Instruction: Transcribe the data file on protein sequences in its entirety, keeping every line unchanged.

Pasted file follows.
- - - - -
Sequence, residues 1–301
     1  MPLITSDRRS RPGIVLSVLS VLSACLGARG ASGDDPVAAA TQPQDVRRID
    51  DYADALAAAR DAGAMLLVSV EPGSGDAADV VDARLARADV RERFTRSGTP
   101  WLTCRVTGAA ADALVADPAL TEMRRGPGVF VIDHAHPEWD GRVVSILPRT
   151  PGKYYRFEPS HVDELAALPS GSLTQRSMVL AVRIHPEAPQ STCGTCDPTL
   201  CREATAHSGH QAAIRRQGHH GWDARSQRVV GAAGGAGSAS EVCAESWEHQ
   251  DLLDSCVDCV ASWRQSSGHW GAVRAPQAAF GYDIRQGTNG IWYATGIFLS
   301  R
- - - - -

Sequence, residues 1–301
     1  MPLITSDRRS RPGIVLSVLS VLSACLGARG ASGDDPVAAA TQPQDVRRID
    51  DYADALAAAR DAGAMLLVSV EPGSGDAADV VDARLARADV RERFTRSGTP
   101  WLTCRVTGAA ADALVADPAL TEMRRGPGVF VIDHAHPEWD GRVVSILPRT
   151  PGKYYRFEPS HVDELAALPS GSLTQRSMVL AVRIHPEAPQ STCGTCDPTL
   201  CREATAHSGH QAAIRRQGHH GWDARSQRVV GAAGGAGSAS EVCAESWEHQ
   251  DLLDSCVDCV ASWRQSSGHW GAVRAPQAAF GYDIRQGTNG IWYATGIFLS
   301  R